"Who's more far-right?" CAMERA-affiliated CIF Watch asks in a post today, "Yehuda Glick or the Palestinian who tried to murder him?"
Yehuda Glick is a non-violent Israeli activist, director of the Libah organization that advocates freedom of worship and civil rights for Jews on the Temple Mount. On Wednesday evening, following a lecture he gave on the topic at the Begin Heritage Center in Jerusalem, he was shot several times at point blank range by a Palestinian terrorist. Glick is fighting for his life in Jerusalem's Shaarei Tzedek Hospital.
Muataz Hijazi is the Palestinian presumed to have shot Glick in an assassination attempt. A restaurant worker at the Begin Center and resident of nearby Abu Tor, Hijazi was a member of the Islamic Jihad who served more than 10 years in an Israeli prison for terrorist activities. Upon his release from prison in 2012, he told the Ramallah-based Al-Quds News outlet that he hoped to be "a thorn in the side of the Zionist project of Judaizing Jerusalem." When police came to arrest hin for the shooting, he opened fire at them and was killed in the return fire. His gun and motorcycle were found at the arrest scene.
Yet it is the non-violent Glick whom the media labels pejoratively as a "far-right" provocateur while the Palestinian terrorist who tried to kill him and Palestinian rioters on the Temple Mount who engage in violence against Israelis escape any such designations.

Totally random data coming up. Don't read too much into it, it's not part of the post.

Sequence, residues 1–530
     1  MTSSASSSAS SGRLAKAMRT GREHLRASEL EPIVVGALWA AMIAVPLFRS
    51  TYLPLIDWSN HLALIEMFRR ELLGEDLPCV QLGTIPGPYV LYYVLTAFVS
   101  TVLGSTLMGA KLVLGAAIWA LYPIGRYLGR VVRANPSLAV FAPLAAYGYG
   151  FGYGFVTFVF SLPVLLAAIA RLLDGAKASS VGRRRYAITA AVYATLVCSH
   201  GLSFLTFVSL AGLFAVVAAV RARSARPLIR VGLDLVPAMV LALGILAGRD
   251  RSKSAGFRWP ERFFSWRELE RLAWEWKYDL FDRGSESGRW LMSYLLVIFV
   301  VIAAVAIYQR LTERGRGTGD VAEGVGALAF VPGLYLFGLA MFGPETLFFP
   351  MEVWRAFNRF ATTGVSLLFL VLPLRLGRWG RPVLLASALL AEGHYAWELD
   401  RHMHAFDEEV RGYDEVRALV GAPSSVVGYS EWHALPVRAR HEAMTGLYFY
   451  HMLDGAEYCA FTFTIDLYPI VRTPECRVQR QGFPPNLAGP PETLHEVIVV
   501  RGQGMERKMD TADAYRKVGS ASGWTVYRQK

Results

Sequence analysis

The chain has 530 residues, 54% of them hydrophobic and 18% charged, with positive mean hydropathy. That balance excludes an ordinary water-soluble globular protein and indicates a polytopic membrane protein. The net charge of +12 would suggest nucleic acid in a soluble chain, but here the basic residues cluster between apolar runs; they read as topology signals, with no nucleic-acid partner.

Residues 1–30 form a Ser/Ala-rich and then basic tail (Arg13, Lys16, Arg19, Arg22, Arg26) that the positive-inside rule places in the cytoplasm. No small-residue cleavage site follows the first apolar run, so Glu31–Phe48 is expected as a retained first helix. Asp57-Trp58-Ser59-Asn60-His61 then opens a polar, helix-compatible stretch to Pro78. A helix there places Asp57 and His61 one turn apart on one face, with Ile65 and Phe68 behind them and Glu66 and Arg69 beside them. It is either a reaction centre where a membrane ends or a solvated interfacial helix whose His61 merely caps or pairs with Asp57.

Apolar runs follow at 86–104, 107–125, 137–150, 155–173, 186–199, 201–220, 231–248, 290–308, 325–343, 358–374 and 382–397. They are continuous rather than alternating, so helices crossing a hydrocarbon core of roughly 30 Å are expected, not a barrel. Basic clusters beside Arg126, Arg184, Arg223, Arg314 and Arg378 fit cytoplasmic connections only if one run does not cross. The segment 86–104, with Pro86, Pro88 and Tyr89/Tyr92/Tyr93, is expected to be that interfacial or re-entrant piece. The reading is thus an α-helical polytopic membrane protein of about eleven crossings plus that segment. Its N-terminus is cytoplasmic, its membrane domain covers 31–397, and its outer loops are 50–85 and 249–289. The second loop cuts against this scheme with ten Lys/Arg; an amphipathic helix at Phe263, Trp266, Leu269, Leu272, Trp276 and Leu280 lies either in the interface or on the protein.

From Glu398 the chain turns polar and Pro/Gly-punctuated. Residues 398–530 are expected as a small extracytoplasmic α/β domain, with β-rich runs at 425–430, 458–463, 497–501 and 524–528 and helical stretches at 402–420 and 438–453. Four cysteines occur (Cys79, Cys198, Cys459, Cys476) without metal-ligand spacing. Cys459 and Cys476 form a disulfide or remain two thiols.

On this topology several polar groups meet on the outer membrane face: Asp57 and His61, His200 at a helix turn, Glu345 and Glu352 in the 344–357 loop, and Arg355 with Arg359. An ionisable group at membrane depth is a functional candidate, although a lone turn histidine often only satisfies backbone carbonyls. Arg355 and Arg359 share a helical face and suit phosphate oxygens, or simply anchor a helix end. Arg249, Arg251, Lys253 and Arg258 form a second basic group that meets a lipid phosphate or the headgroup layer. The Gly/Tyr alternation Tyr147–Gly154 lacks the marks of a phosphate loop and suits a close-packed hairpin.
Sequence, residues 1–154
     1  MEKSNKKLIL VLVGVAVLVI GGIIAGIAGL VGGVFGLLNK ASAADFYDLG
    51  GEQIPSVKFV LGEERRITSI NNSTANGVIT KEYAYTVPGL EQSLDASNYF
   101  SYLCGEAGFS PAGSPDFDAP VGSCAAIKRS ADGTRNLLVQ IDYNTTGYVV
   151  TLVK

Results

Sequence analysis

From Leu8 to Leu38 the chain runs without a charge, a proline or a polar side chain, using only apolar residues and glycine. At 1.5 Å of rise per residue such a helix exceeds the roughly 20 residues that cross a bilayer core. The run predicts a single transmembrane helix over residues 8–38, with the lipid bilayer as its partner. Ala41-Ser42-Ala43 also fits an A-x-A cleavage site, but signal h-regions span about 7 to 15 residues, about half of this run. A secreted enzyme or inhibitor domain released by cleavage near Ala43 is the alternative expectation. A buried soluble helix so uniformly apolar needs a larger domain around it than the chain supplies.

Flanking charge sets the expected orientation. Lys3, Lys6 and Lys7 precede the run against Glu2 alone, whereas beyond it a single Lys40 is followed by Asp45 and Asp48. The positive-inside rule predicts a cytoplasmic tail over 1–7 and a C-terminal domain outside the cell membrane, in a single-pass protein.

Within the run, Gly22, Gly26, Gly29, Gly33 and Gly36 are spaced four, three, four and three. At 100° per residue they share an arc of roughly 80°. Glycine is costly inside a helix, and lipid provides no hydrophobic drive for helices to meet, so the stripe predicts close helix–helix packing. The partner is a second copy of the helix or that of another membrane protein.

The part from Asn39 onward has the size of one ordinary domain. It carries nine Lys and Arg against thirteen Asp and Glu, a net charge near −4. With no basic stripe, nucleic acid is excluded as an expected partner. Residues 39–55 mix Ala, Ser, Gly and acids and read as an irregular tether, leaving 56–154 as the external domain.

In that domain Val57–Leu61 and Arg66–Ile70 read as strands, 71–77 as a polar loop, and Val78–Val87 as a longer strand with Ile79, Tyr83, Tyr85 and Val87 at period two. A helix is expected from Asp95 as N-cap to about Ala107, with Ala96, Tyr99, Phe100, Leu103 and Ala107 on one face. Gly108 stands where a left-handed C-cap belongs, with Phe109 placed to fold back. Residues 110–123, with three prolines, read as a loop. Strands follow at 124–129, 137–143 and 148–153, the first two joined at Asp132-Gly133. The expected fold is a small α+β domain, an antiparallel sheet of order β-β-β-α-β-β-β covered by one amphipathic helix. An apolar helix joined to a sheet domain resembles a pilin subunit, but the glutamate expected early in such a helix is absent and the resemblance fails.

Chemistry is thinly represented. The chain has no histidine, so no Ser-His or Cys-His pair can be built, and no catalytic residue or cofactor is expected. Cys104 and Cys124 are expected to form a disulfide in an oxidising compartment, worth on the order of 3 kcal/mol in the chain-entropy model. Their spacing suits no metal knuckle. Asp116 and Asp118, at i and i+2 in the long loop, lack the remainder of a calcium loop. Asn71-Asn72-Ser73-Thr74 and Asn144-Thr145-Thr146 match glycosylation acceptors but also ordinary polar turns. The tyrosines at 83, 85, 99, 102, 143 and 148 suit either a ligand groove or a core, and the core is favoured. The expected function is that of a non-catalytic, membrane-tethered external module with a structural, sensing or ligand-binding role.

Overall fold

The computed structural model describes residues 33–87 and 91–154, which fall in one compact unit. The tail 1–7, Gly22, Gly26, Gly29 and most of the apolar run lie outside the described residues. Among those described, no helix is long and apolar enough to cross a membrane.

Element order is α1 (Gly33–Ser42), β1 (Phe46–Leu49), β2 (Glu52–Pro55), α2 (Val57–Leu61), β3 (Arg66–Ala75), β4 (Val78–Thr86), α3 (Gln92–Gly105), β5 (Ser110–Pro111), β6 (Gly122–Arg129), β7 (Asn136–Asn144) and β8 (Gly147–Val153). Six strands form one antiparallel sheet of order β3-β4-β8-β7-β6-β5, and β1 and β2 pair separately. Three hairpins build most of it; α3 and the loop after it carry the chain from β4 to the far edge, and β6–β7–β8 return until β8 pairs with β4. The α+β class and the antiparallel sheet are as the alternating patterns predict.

CIF-Watch counted seven times that London's Guardian newspaper referred to Glick as "far-right" while "no similarly ideologically pejorative term was used" to describe the shooter.
And it is not just the Guardian
newspaper that selectively dispenses the pejoratives. One Reuters article
used the same epithet five times to describe Glick or his followers, but no negative descriptors to describe Hijazi.
The New York Times branded
Glick an "agitator" and "a provocative figure who has exacerbated tensions between Muslims and Jews." Hijazi, by contrast
, was described simply as "a Palestinian man" suspected of "involvement in an assassination attempt on a leading agitator." And while it was noted that Hijazi had spent 10 years in Israeli prison, the article concealed the fact that he had been jailed for previous involvement in terrorism, that he was a member of the Islamic Jihad terrorist group, or that he is on record asserting that he would stop Zionists from Judaizing Jerusalem.
How is it that the non-violent Glick is portrayed as the troublemaker while violent Palestinians escape such characterizations?
The Temple Mount is the holiest site in Judaism and the third holiest site in Islam. During Jordan's occupation of the area (1948-1967) following Israel's War of Independence, Jewish religious sites were destroyed, their contents looted and desecrated. Jews were prevented access to their holy sites and cemetery in contravention of the 1949 Armistice Agreement, and despite numerous requests by Israeli officials and Jewish groups to the UN.